Almost exactly 16 months ago, Wavertree left Pier 16 for a lot of work at Caddell Dry Dock. Here was my set of photos from that day, and here, subsequent ones at several month intervals. Yesterday she made way, back to Pier 16.
Here’s looking back west. Compare the photo below with the third one here to see how much work has been accomplished on the Bayonne Bridge during the same 16 months.
Yesterday, Rae helped, as did
Dorothy J and Robert IV.
The combined age of Rae, Robert IV, and Dorothy J is 139 years, whereas the beautifully restored flagship they escorted in is 131 years old.
And as the tow approached the Statue, John J. Harvey joined in.
These photos all by Will Van Dorp, who is grateful to the South Street Seaport Museum and the photographers’ boat provided by US Merchant Marine Academy and crewed by a set of dedicated cadets.
For some interesting history on Wavertree and info on a fundraiser on board on September 29, 2016, click here. For the story of how Wavertree came from Argentina to New York, read Peter & Norma Stanford’s A Dream of Tall Ships, which I reviewed here some time ago.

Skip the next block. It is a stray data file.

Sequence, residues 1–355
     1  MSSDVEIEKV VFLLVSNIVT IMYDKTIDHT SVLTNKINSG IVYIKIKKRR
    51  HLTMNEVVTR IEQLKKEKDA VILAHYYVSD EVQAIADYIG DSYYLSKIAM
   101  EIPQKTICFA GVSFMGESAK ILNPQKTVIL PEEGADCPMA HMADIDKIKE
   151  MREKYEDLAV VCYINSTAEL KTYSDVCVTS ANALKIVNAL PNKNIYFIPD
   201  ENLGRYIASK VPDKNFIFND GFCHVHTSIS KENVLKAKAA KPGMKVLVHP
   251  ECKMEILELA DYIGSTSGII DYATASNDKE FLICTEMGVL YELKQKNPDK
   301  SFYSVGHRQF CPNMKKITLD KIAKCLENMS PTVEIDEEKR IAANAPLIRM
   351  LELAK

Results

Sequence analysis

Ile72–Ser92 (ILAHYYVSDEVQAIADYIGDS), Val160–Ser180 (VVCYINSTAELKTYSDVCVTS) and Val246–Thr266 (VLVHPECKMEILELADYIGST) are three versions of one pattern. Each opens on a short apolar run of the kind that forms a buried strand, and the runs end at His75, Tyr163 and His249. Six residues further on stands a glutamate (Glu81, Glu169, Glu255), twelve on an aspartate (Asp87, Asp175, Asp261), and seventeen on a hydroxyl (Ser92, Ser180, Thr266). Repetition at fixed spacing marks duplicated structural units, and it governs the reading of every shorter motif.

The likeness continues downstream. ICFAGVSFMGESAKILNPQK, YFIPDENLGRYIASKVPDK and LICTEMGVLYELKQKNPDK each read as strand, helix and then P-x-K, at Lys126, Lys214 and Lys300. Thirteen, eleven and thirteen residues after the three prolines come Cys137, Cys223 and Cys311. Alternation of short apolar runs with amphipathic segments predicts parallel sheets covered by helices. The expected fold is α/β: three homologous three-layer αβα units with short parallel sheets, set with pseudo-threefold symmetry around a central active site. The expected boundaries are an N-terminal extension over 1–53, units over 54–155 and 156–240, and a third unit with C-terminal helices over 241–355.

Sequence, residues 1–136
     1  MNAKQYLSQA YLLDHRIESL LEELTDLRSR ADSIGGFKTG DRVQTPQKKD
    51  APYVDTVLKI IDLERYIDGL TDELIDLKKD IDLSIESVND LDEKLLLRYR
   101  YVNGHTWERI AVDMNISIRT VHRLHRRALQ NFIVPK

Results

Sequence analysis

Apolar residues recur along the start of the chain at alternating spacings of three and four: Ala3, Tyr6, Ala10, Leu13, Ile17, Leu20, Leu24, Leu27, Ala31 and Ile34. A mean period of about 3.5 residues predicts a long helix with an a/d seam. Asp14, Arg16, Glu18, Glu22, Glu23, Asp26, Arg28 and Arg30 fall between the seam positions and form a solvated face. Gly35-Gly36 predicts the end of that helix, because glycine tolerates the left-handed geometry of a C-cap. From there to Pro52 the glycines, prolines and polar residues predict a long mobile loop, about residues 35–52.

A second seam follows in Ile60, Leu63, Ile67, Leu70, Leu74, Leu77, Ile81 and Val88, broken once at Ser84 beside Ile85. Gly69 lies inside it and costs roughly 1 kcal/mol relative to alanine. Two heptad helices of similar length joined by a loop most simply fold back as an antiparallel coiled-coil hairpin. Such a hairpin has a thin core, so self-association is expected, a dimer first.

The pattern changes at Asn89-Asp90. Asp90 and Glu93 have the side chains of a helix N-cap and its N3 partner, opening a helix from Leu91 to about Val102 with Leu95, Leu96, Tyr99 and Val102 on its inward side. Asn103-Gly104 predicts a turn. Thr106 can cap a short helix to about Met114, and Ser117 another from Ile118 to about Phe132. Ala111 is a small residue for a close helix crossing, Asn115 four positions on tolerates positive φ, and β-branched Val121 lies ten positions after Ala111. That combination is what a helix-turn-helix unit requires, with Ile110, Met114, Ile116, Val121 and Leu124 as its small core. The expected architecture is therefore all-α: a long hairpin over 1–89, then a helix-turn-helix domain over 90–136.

More photos of the return tomorrow.
Here are some posts about Lettie G. Howard.
Want to join the crew for a sail to Gloucester for the 2016 schooner race, be part of the race crew, or help sail the 1893 schooner back to NYC’s sixth boro?
You’d be crew in training, integrated into watch-standing along with her professional crew.
On the return, she stops in New London for the Connecticut Maritime Heritage Festival. And all the while, you’d be supporting the good work of South Street Seaport Museum, which has many other unparalleled events coming up in the next few weeks.
Here are the specifics on ticket prices, dates, and itineraries:
The first and last photos here come from Hannah Basch-Gould; all the other have been taken by Will Van Dorp, who on these dates will be gallivanting to francophone Canada in search of Champlain’s dream.
I suppose I could call this RT 163b, since the photos in both were taken the same day, same conditions of light and moisture.
Let’s start with Charles D. McAllister with Lettie G. Howard bare poles in the distance.
Evelyn Cutler with Noelle Cutler is tied up alongside a barge with Wavertree‘s still horizontal poles. Click here to see Evelyn as I first saw her.